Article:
my hunting for daphnia, numerous other micro-organisms are also
captured. This particular instance was a collection made at a
pond in Ligonire, PA (UMT 17 657547E 4462831N). At first glance,
there did not appear to be
anything particular in the collection bottle; but after several days of
sitting, a fair bit of life became apparent (daphnia, copepods,
ostracods, volvox, stentors). I find that letting
a bottle sit for several days always produces good results (unless
hydra or other predators are present, which will consume the other
On first visual inspection, the vorticella appeared as a small patch of fungus, about 8mm in diameter. However, when the bottle was moved, the colony would contract - definitely evidence this was not fungus.
are a small ciliate, filter feeders. While they often appear as a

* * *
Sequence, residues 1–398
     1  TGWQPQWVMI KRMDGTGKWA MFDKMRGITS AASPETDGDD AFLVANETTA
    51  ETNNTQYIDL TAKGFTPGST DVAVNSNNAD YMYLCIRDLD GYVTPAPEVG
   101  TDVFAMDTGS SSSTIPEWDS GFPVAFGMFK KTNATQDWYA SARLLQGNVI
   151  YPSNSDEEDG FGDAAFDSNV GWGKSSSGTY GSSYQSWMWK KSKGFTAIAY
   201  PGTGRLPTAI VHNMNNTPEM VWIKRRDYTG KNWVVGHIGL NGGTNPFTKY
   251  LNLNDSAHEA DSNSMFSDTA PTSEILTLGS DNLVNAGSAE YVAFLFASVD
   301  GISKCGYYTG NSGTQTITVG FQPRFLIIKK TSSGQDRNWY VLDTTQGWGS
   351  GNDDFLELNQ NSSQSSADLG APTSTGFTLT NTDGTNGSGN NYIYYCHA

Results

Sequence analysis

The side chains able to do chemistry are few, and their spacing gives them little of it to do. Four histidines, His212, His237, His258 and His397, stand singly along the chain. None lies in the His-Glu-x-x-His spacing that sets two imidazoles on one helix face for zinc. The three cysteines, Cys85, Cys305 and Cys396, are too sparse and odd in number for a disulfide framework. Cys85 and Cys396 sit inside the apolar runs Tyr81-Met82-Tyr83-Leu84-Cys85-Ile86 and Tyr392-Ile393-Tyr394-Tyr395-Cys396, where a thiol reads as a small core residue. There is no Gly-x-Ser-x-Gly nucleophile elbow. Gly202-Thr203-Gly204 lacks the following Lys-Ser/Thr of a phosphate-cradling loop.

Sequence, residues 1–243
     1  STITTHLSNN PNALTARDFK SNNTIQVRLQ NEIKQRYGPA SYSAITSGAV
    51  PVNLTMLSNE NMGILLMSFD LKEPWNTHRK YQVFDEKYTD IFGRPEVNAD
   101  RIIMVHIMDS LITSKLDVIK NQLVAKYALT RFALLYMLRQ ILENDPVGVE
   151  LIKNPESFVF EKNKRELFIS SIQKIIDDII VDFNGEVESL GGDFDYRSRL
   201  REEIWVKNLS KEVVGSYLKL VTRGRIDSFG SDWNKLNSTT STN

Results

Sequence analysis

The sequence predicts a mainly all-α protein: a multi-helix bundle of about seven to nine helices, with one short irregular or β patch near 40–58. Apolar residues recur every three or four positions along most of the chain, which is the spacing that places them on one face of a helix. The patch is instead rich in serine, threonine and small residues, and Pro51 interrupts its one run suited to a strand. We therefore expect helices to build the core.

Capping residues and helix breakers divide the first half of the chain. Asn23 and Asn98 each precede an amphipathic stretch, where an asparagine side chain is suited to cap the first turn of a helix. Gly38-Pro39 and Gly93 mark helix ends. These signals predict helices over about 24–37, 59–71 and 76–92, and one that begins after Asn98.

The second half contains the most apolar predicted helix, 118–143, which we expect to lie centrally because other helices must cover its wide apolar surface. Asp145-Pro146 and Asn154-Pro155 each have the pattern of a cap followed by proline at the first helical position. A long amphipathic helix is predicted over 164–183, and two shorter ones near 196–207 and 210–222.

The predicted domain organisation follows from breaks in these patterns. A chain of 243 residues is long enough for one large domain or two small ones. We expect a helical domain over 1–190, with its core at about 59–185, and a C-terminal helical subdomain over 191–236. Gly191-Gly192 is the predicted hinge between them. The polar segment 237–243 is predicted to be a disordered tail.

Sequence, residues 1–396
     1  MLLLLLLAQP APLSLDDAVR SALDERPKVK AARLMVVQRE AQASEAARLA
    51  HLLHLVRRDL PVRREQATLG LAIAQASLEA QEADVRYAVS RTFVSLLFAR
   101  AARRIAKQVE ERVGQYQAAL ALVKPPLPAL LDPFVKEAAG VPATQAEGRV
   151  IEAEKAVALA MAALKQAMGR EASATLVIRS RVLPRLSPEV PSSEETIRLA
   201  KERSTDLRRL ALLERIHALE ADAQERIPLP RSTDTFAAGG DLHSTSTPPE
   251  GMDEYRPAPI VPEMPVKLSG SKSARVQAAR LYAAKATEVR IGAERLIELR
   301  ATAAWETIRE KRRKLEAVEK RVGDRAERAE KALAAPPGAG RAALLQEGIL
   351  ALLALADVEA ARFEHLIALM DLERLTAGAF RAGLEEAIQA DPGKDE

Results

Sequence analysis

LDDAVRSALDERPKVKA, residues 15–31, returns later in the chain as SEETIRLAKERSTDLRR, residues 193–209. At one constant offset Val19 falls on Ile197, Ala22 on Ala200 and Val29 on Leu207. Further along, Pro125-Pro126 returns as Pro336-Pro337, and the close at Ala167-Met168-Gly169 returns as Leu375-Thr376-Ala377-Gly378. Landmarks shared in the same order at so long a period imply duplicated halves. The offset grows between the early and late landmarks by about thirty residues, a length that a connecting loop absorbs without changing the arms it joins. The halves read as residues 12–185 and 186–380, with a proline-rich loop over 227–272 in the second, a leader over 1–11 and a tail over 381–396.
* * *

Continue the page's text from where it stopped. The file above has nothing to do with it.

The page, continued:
colony, they are not a true colony. Rather than a single shared
stalk, every individual has its own stalk; and may thus separate from
the group and move about on its own.
were collected via my usual
method of a cup on the end of a pole. The contents are then filtered through silkscreening cloth to
concentrate the findings. The collection was transported and
maintained in a re-cycled 0.5 liter drinking water bottle.
were placed on a slide, with the coverslip elevated by several
fragments of broken coverslip. Darkfield illumination was used.
Comments to the author,
Webb, are welcomed.
Vorticella 'colony' 10x, resized to 640x480.
100x, image cropped but not resized.
400x, image cropped but not resized.
from Guide to Microlife, by
Kenneth G. Rainis and Bruce J. Russell, Franklin Watts, Danbury,
Connecticut (USA), 1996, ISBN 0-531-11266-7; this is a good, basic
reference, a lot of information without being too technical.
Microscope: Bauch & Lomb monocular, 10x ocular, 4x, 10x and 40x objectives.
Camera: Kodak 3200 Digital, best mode 1152x864.
Software: Photoshop Elements.
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